Have you always told yourself that someday you’ll see the world? That you’ll finally take that luxury cruise, or art and culinary tour of Europe, or African photo safari you’ve dreamed about? Or maybe your travel dream involves an RV, national parks, and finally getting to see your own country’s wonders. Maybe it includes all of the above.
After your kids are grown. When you retire. When you have a little money saved. When you have more time.
Well, maybe today is your “someday.” Do you want to put your travel dreams off any longer? Do you really need to?
Maybe you’ve traveled all your life, but as the years pass your needs — and your tastes — have changed. You may want less adventure or “roughing it,” and more culture and comfort. You still want to spend your free time exploring your dream destinations, but you want to go about it differently.
Whatever the case, senior travel is not all that different from traveling earlier in life. Sure, there may be a few new challenges, but there are also a lot more perks to traveling as you approach your ‘golden years.’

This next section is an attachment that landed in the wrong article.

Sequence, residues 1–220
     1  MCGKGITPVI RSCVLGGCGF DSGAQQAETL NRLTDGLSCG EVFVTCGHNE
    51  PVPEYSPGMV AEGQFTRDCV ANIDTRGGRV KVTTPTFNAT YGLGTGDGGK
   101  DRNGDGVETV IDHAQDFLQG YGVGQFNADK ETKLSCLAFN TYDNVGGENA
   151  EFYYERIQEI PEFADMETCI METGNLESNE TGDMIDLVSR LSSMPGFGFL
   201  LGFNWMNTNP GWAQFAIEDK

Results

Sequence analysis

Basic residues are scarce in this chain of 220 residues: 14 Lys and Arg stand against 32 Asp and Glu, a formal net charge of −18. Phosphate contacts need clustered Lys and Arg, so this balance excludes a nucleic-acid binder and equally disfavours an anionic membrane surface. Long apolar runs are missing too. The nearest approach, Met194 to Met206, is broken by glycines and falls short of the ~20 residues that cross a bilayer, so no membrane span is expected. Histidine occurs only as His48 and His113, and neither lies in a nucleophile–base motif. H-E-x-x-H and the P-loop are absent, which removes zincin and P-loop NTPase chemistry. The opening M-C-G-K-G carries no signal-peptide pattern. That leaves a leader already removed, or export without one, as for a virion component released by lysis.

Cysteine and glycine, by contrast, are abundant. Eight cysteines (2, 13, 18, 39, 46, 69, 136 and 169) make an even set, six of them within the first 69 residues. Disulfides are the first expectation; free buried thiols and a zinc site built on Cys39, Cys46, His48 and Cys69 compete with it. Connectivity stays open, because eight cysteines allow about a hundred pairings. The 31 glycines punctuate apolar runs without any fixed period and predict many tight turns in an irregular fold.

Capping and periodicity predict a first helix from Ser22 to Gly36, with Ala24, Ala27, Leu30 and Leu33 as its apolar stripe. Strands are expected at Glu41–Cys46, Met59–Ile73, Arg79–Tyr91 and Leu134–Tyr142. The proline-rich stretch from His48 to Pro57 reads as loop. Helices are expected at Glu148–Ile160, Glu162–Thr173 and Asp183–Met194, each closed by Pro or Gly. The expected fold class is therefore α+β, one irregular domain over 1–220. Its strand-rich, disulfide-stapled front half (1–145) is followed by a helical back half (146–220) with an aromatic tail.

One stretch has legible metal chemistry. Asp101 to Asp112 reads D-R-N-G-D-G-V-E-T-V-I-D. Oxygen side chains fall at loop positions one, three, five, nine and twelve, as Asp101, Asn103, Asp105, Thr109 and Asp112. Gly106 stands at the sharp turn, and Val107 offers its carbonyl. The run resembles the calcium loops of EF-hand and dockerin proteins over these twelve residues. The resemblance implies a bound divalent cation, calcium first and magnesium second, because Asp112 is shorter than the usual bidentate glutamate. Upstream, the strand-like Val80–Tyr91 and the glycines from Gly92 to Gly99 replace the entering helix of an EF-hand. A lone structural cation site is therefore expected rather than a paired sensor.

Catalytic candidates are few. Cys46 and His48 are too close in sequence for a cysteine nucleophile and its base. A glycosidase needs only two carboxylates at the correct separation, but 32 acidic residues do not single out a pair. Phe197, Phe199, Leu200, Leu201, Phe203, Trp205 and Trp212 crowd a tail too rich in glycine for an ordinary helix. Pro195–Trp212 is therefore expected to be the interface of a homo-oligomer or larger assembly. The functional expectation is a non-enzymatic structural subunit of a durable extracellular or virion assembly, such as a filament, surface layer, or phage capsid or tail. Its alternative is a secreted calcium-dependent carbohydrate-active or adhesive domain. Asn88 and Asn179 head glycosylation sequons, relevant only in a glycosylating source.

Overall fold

And as you’ll see below, travel is not only fun, it’s good for you — physically, mentally, emotionally, and socially.
So take out your travel bucket list, dust off your passport, and reawaken your sense of adventure.
The tips below will help you navigate your options; find the resources you need; overcome your concerns; and get excited to travel.
Senior Travel Tips: What You Should Know Before You Go